-->"The People and the Army, Hand in Hand!"

Finally, as the artists stopped to eternalize the image of the kind soldiers who distribute flowers to little girls with grinning faces, the army took over the lead in reminding the people that they had “protected” them during the revolution. All the tanks (where one year ago demonstrators had written: “the people want the fall of the system”) now carry the following caption, yellow on purple: “the people and the army, hand in hand!” For the ones who are not able to read –and this is still a big portion of the people who are roaming night and day the Egyptian streets– big posters were produced with a gentle soldier who is cradling a baby in his arms. The spectator, made prisoners of his emotions while looking at this symbol of tenderness, remains unaware of the Kalashnikov which is hanging from the soldier’s left shoulder.

However not only the army started to use visual propaganda posters on the streets in order to attract the attention of the people who are not using Facebook. Although these millions of people might easily be forgotten from an economical point of view, in democratic elections the voice of the most disadvantaged analphabet in the country will also count. Two parties understood this fact very fast: the army and the self-nominated presidential candidate Hazim Abu Ismaʿil.

While Egyptian graffiti-artists are honoring their martyrs on the wall of the old AUC main-building, the grinning face of the presidential candidate Hazim Abu Ismaʿil, stuck to the rear-window of the car in the foreground, is promoting “a decent state and modest people.”

About three weeks ago, the happily smiling face of a man, who for European children looks like dear Father Christmas with his long white beard, started to appear on buses and cars all over Cairo. Far from a religious garment, in his modern suit with a blue tie, this wolf in sheep’s clothing promotes “a decent state (dawla muhtarama) and modest people (shaʿb massun)”. Both attributes are directly related in the Arabic language with this strange kind of honor which in patriarchal societies seems to depend solely on “their” women’s –and here I would like to stress the possessive quality of the pronoun– behavior. In other words: the dominant, religiously immaculate male, Abu Ismaʿil is paradoxically planning to penetrate the state in order to make it become decent. From this point of view his attempts seem somewhat cynically in accordance with the Moroccan penal code that allows the rapist to wed his victim if she is a minor…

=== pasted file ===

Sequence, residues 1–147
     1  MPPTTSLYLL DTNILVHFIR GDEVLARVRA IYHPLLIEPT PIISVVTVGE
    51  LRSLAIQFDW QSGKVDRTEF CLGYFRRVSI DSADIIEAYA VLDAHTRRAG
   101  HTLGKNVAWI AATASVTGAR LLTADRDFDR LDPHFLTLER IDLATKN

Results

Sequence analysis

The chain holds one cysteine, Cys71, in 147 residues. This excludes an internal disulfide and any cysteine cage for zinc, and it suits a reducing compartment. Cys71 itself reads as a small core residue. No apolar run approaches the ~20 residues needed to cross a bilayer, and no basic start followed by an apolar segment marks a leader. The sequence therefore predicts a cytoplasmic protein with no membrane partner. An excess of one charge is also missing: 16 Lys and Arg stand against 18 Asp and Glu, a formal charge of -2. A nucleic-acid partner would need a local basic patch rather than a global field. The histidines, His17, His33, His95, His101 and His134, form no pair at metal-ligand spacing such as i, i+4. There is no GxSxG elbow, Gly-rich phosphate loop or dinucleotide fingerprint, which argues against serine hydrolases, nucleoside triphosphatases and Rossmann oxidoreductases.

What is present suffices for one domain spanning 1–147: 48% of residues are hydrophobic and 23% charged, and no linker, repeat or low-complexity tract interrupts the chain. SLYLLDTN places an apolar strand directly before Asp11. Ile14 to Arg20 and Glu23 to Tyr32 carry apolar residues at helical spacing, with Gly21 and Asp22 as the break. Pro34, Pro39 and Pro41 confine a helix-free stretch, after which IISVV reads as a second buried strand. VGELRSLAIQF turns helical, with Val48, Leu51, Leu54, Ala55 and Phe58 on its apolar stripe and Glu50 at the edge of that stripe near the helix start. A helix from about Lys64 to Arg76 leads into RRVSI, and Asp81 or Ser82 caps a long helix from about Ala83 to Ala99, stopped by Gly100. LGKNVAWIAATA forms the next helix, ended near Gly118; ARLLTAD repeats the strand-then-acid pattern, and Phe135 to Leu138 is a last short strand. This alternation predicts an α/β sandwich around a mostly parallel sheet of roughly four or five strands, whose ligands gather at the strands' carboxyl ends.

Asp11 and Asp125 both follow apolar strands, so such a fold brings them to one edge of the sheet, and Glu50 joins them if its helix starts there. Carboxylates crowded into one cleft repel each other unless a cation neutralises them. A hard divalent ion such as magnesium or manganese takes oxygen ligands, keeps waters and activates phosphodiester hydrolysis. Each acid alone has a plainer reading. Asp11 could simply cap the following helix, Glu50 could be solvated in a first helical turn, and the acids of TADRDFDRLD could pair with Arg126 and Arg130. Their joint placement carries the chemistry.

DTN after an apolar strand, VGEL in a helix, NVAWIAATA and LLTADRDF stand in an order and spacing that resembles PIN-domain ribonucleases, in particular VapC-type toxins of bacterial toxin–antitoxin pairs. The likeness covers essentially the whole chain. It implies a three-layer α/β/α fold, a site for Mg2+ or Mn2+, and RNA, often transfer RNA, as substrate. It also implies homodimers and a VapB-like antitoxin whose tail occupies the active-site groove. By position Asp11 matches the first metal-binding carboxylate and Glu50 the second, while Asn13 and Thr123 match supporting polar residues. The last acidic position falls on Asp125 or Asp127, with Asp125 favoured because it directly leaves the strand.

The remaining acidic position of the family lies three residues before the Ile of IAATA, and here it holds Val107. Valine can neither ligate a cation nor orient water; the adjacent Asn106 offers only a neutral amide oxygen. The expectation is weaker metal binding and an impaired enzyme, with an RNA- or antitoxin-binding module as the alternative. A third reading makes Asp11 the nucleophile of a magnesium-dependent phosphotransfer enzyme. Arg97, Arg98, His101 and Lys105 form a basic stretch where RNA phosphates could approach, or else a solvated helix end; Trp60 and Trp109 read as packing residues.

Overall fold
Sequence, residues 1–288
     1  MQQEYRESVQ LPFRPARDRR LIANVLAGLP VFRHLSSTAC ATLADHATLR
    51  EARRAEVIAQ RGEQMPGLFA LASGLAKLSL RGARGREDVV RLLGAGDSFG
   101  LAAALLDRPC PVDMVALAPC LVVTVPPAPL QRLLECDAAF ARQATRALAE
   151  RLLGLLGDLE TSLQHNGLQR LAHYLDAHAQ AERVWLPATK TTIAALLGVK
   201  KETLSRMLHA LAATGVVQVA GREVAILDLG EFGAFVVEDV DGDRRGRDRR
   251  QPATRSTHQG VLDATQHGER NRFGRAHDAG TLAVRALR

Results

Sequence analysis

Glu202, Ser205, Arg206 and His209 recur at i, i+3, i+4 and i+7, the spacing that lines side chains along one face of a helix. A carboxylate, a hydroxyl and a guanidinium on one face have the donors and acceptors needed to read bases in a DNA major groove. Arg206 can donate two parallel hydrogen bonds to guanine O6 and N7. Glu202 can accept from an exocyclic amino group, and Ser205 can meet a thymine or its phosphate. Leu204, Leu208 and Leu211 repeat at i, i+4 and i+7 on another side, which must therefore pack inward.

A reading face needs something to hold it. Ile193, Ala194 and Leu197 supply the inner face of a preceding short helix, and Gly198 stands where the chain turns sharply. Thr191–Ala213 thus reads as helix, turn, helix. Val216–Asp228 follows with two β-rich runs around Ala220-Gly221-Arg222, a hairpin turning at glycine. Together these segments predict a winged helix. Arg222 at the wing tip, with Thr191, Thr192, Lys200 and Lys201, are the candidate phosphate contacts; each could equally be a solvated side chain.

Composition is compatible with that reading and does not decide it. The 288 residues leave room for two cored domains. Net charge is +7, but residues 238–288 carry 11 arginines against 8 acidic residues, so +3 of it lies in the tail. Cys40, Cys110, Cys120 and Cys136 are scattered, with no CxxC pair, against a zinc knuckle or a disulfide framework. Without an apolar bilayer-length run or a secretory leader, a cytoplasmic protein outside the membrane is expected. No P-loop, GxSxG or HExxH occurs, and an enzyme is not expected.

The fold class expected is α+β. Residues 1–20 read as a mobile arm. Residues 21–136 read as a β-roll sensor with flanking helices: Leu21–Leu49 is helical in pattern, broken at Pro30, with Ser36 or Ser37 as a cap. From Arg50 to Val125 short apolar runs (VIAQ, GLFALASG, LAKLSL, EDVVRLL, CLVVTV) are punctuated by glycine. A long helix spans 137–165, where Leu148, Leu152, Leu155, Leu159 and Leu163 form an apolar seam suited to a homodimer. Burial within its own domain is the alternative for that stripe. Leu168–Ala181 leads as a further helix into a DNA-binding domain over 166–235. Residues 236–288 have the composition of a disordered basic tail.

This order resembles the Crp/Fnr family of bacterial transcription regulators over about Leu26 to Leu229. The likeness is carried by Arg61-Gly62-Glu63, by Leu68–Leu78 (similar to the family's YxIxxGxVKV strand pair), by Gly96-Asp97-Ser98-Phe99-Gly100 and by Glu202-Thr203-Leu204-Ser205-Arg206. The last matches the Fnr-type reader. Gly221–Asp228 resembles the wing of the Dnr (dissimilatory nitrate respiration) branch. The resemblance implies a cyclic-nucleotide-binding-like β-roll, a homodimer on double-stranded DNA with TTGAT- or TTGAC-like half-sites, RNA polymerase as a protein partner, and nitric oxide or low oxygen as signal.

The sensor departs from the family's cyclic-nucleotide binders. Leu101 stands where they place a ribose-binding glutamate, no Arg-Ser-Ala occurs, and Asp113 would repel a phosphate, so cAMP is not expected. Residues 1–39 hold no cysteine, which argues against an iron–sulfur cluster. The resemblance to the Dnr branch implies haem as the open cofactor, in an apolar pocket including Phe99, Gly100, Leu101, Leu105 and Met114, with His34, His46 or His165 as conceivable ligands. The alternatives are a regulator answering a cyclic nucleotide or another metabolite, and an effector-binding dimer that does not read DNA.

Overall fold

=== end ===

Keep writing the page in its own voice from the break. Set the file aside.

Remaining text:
Well anyway, if he wins the elections, dogs and women might start to apply for political asylum somewhere in the “indecent” states which are populated with “heretic” and “immodest” people stereotypically called “the West”.

Monday, 26 March 2012

Demonstrations on the International Day of Drama in Tunis

On 25 Mars 2012, the salafists challenged the liberals in front of the Théâtre Municipal in Tunis. The theatre-workers gathered under the banner: “the people want theatre!” while the salafists assembled in the middle of the street in front of them and chanted: “the people want an Islamic state!”
Meanwhile in the Café l’Univers people were having coffee and watching bearded teenagers passing by who shouted at them: “you heretics!” However, the former turned around calmly, laughed at them and answered back: “yes and you guys are very good Muslims!”